Mentality raises awareness on depression

BY JENNIFER MISTHAL
Daily Staff Reporter
Published May 12, 2002

Noticing their friends' inability to sleep and irritability, the confused group of students confronted them but could not understand their situation. Their friend's performance in class begins to slip, adding to problems. Offering only an assortment of happy pills, the therapists do not seem to help their depression.

This may have only been a play performed Thursday night in the Michigan League Underground by members of the University student group Mentality, but for those in the play, it was also reality.

The performance was dedicated to raising awareness of mental health, Mentality member Laura Shereda said. The skit was written specifically for a video about college depression and was based on multiple students' experiences.

According to the National Mental Health Association's website, 7.8 percent of men and 12.3 percent of women between the ages of 18-24 report frequent mental distress - a key indicator for depression and other mental disorders.

"Feelings of worthlessness and hopelessness, a dramatic change it in appetite, a dramatic weight loss in a quick period of time, disruption in sleep patterns, and irritability" are potential warnings for depression, Jim Epzkorn clinical director of the University's Counseling and Psychological Services said.

Kathy HoganBruen, senior director of prevention at NMHA, said "the biggest symptom of depression is hopelessness" and warns in some extremes cases, it can lead to suicide.

Mentality member Susie Hamilton said the group worked in collaboration with Dialogues on Diversity for the skit to portray a generic freshman experience.

"(Mentality) is powerful because it's speaking about personal experiences. It's not an acting group," said Pat McCune, program director for Dialogues on Diversity. "(Dialogues on Diversity) has sponsored a variety of programs to stimulate discussion of diversity issues ranging from disabilities to religious differences to sexual orientation to race," she added.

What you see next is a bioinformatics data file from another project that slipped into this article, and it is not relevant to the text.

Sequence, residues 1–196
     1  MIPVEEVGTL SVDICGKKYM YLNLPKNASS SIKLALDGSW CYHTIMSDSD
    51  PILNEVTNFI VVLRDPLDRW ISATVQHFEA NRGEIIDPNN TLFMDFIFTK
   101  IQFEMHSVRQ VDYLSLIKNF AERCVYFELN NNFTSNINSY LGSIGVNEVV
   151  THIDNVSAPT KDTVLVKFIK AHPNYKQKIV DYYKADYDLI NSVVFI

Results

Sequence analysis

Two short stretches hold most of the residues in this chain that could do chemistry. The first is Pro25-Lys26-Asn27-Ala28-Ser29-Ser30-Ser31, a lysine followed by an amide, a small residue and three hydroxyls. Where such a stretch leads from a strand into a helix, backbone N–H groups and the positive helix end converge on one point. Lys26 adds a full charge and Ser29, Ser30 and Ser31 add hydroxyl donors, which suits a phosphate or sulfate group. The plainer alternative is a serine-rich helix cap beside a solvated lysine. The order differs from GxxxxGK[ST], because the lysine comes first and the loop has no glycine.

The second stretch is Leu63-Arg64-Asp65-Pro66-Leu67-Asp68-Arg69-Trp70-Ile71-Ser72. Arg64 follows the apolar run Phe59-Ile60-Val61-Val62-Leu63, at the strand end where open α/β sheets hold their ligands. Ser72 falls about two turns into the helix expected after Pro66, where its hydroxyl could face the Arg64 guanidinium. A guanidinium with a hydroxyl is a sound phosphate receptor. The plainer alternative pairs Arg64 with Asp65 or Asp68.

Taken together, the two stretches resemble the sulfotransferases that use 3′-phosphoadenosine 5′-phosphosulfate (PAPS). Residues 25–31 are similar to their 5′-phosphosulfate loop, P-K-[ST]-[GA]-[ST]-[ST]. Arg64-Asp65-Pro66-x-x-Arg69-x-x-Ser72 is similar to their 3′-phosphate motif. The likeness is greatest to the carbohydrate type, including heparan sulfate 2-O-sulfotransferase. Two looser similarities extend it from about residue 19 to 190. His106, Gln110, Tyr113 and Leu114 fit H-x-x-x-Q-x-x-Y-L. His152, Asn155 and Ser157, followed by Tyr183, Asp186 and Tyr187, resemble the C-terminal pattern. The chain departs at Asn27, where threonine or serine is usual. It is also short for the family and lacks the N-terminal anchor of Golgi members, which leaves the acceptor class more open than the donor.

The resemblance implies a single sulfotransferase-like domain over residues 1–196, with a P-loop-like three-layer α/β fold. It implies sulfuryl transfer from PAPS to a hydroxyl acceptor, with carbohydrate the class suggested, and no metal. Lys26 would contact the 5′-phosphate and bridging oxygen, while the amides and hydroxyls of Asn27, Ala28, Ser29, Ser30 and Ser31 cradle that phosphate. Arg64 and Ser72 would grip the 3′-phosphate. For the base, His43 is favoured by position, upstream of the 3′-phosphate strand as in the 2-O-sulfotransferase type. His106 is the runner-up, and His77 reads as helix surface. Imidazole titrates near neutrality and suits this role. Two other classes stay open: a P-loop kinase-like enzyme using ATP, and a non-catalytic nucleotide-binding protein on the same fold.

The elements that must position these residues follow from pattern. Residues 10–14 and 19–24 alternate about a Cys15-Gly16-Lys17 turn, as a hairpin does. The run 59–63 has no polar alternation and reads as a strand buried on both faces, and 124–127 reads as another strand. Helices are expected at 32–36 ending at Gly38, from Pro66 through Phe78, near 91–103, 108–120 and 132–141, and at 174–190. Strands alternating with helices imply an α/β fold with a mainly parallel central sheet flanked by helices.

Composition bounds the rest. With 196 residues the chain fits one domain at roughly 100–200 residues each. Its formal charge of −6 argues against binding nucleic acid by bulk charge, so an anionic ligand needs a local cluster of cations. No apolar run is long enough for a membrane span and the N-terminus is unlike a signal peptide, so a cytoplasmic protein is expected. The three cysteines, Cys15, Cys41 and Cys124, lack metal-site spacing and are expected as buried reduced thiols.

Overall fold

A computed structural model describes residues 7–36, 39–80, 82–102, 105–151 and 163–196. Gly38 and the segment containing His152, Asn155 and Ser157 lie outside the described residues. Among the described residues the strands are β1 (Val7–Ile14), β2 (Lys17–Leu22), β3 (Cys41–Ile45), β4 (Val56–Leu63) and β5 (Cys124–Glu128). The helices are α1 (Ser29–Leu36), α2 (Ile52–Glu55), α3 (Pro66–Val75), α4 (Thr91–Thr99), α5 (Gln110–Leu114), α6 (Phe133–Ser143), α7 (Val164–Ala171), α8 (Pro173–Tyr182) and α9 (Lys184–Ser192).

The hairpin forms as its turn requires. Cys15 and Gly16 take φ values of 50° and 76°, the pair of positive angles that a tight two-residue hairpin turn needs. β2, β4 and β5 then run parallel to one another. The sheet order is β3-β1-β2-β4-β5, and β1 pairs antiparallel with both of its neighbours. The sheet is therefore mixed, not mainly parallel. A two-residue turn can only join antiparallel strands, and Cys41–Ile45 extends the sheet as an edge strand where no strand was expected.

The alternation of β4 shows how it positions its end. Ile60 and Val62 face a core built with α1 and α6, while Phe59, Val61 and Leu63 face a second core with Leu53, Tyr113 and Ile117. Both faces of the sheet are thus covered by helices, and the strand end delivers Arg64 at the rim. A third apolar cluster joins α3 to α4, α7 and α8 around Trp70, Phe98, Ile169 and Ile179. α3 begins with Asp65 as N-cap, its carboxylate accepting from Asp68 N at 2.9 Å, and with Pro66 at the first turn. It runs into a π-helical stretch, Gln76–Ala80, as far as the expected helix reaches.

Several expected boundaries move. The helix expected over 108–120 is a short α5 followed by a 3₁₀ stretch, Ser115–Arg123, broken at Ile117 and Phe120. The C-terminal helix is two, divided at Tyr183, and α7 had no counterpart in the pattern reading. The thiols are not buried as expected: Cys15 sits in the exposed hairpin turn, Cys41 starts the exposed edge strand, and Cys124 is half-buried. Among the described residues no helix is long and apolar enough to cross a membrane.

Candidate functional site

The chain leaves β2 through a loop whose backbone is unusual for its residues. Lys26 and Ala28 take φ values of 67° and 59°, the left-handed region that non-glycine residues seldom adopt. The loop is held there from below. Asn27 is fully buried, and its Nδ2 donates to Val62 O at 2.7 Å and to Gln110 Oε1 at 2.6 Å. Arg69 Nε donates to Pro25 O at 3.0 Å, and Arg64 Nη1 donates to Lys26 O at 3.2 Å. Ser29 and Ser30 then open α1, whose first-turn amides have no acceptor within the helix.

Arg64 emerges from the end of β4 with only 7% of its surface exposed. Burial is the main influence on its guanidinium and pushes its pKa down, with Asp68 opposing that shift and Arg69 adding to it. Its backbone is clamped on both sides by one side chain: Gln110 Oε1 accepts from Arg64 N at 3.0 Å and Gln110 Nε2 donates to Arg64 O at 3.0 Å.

McCune videotaped the performance for her upcoming documentary to help people understand what a common health problem depression is and to remove the stigma associated with mental health problems.

"Mental health problems are a type of disability," McCune said.

HoganBruen said depression could start at any time. She also said leaving behind friends, family and the predictability of home is hard for some.

"College is a big transition and can cause stress," HoganBruen said.

After the skit, Mentality engaged in a discussion with audience members. Hamilton said Mentality tries to open up a safe space to talk about mental health and mental illness. The group hopes the conversation continues at home.

"This is OK. Lots of people experience (depression)," Shereda said. "People are actually pretty accepting of things."

According to the NMHA, Shereda is one of 19 million adults affected by depression annually. She said she found that once people knew, "it didn't really make a difference."

"If you take responsibility for your life and actively work to make things better, people will respect you for it," Shereda said.

College depression

From the Mental Health Foundation:

n 50 percent of college students show symptoms of clinical anxiety.

n More than 10 percent of college students suffer from clinical depression.

From the National Institute of Mental Health website:

n Among 15-24 year olds, suicide ranks as the third leading cause of death.

n Depressive disorders affect approximately 19 million American adults.